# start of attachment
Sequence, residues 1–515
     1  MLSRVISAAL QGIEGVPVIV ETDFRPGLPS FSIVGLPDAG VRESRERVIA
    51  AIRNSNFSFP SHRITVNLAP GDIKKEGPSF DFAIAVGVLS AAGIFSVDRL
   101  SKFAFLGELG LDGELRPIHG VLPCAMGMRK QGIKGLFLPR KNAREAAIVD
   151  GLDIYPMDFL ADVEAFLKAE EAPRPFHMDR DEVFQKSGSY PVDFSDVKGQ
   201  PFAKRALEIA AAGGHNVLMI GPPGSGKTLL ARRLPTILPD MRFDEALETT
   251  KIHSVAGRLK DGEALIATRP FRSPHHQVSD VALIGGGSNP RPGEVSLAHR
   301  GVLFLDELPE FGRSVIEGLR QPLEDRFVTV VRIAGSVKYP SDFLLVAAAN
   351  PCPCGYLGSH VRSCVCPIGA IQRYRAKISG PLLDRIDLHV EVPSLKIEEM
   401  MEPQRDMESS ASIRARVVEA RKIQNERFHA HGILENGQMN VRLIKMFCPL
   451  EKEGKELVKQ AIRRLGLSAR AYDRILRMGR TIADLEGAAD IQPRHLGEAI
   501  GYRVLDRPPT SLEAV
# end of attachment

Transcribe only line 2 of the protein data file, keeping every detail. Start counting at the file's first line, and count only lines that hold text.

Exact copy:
     1  MLSRVISAAL QGIEGVPVIV ETDFRPGLPS FSIVGLPDAG VRESRERVIA